r(ψ) = π(ψ)/Cf (ψ), so that 0 ≤ r(ψ) ≤ 1. Generate two independent random variables U and V , with U uniformly distributed on (0, 1) and V ∼ f . If U ≤ r(V ) set ψ = V , otherwise repeat the process. In other words, draw V from f (ψ) and accept V as a draw from π(ψ) with probability r(V ). In case of rejection, restart the process. It can be shown that if the support of π is included in the support of f , the algorithm terminates in a finite time, i.e., one eventually generates a V that is accepted. To see that the resulting draw has the correct distribution, consider that the proposed V is accepted only if U ≤ r(V ), so that the distribution of an accepted V is not just f , but f conditional on the event {U ≤ r(V )}. Denoting by Π the cumulative distribution function of the target distribution π, one has: Z v P(U ≤ r(V )|V = ζ)f (ζ) dζ P(V ≤ v, U ≤ r(V )) = −∞ Z v Z v r(ζ)f (ζ) dζ = P(U ≤ r(ζ))f (ζ) dζ = −∞ −∞ Z v π(ζ) 1 = f (ζ) dζ = Π(v). Cf (ζ) C −∞ Letting v go to +∞, one obtains P(U ≤ r(V )) = C −1 . Therefore, P(V ≤ v|U ≤ r(V )) =

P(V ≤ v, U ≤ r(V )) = Π(v). P(U ≤ r(V ))

The most favorable situations, in terms of acceptance probability, are obtained when the proposal distribution is close to the target: in this case C can be taken close to one and the acceptance probability r(·) will also be close to one. It is worth noting the analogy with Metropolis–Hastings algorithm. In both methods one generates a proposal from an instrumental density, and then accepts the proposal with a specific probability. However, while in rejection sampling one keeps on generating proposals until a candidate is accepted, so that, repeating the process, one can generate a sequence of independent draws exactly from the target distribution, in the Metropolis–Hastings algorithm the simulated random variables are in general dependent and are distributed according to the target only in the limit. If π is univariate, log-concave3 , and it has bounded support, it is possible to construct a continuous piecewise linear envelope for log π, see Figure 1.1, which corresponds to a piecewise exponential envelope for π. Appropriately normalized, this results in a piecewise exponential proposal density, which is easy to sample from using standard random number generators. Moreover, due to the interplay between C and the normalizing constant of the piecewise 3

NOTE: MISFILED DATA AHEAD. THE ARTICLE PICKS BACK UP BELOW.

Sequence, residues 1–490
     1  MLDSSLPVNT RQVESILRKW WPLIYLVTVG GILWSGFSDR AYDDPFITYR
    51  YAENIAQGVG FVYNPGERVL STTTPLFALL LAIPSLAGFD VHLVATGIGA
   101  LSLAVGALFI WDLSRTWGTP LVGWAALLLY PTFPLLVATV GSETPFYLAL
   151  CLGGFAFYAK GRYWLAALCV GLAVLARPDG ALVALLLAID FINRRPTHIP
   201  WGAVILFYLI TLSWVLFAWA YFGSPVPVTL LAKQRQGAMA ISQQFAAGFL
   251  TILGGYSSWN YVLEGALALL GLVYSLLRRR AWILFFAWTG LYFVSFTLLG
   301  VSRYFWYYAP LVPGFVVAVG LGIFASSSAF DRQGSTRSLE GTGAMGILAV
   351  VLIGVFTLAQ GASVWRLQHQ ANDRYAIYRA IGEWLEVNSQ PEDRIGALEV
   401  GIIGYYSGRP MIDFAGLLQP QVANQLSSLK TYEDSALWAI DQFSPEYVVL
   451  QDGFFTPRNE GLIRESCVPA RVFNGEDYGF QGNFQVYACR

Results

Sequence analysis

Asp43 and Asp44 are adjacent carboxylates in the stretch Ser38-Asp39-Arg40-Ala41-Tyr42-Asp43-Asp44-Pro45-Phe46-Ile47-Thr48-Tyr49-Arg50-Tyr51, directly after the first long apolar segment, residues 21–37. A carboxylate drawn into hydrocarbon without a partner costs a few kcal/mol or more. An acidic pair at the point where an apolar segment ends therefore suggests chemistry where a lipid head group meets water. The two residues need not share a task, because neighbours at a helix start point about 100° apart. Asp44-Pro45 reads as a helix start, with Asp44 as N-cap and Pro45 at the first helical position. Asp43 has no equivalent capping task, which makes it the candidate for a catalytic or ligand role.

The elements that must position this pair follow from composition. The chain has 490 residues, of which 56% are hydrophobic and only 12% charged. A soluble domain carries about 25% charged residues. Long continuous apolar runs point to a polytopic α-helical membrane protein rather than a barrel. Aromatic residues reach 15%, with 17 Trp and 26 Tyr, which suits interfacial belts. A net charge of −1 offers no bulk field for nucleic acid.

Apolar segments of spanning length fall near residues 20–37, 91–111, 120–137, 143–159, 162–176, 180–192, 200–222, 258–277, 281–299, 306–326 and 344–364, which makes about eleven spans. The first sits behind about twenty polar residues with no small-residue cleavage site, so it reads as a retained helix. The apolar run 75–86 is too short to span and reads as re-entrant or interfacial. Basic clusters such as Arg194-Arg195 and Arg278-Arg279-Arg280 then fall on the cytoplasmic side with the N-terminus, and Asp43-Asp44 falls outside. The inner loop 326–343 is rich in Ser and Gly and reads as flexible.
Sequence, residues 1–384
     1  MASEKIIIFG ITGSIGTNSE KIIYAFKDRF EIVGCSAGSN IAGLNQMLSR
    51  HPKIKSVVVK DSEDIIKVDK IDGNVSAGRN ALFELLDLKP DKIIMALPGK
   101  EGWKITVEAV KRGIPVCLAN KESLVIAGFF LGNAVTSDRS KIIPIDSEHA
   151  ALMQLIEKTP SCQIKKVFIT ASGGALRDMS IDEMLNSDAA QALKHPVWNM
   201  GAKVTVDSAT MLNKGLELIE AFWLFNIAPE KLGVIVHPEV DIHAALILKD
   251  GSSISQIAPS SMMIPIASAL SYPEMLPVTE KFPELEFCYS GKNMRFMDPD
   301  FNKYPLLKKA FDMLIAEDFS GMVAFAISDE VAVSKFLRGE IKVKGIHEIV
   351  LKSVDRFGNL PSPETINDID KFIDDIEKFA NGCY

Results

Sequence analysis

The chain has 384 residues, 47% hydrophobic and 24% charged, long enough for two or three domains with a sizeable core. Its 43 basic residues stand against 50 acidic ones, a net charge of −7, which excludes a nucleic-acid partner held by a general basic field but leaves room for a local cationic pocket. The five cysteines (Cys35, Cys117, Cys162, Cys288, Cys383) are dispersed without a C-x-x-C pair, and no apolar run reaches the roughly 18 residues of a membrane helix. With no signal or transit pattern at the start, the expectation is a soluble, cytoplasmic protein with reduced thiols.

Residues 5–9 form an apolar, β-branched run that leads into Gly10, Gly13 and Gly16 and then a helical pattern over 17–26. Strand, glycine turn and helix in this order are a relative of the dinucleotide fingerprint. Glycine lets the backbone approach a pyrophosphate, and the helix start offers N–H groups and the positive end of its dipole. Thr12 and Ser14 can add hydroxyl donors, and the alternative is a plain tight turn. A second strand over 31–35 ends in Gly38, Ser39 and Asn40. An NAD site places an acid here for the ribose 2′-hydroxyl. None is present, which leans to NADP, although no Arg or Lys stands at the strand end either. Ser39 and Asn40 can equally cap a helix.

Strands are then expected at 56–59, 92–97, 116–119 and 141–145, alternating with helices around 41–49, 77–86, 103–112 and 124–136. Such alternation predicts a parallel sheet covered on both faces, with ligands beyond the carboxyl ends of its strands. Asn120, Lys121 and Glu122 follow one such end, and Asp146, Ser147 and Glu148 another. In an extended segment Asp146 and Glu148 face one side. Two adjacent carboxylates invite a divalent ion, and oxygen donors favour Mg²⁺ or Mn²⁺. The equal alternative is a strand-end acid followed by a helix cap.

A function g is concave if it is defined in an interval (a, b) and g(αx + (1 − α)y) ≥ αg(x) + (1 − α)g(y) for every α ∈ (0, 1) and x, y ∈ (a, b). π is log-concave if log π(ψ) is a concave function.

1.6 Markov chain Monte Carlo methods

−1.0

−0.5

0.0

0.5

1.0

1.5

27

2.0

Fig. 1.1. Target log density with a piecewise linear envelope

exponential density, the target density π needs only to be known up to a normalizing factor. Clearly, the more points one uses in constructing the envelope to the target log density, the closer the proposal density will be to the target, and the sooner a proposal V will be accepted. This suggests an adaptive version of the method, according to which every time a proposal V is rejected, one refines the piecewise linear envelope using the point (V, log π(V )), so that the next proposal will be drawn from a density that is closer to π. This algorithm is called adaptive rejection sampling in Gilks and Wild (1992). If the univariate target π is not log-concave, one can combine adaptive rejection sampling with the Metropolis–Hastings algorithm to obtain a Markov chain having π as invariant distribution. The details can be found in Gilks et al. (1995), where the algorithm is termed adaptive rejection Metropolis sampling (ARMS). Within an MCMC setting, the univariate ARMS algorithm described above can be adapted to work also for a multivariate target distribution using the following simple device. Suppose that the chain is currently at ψ ∈ Rk . Generate a uniformly distributed unit vector u ∈ Rk . Then apply ARMS to the univariate density proportional to t 7−→ π(ψ + tu). Up to a normalizing factor, this is the conditional target density, given that the new draw belongs to the straight line through the current ψ and having direction u. In R the function arms, originally written as part of the package HI (see Petris and Tardella; 2003) and now included in package dlm, performs this kind of multivariate version of ARMS. The function needs the arguments y.start, myldens, indFunc, and n.sample for the starting point, a function that evaluates the target logdensity, a function that evaluates the support of the density, and the number of draws to be simulated, respectively. It has also the additional argument ... that is passed on to myldens and indFunc. This is useful when the logdensity and the support depend on additional parameters. Figure 1.2 shows the plot of 500 simulated points from a mixture of two bivariate normal densities with unit variances and independent components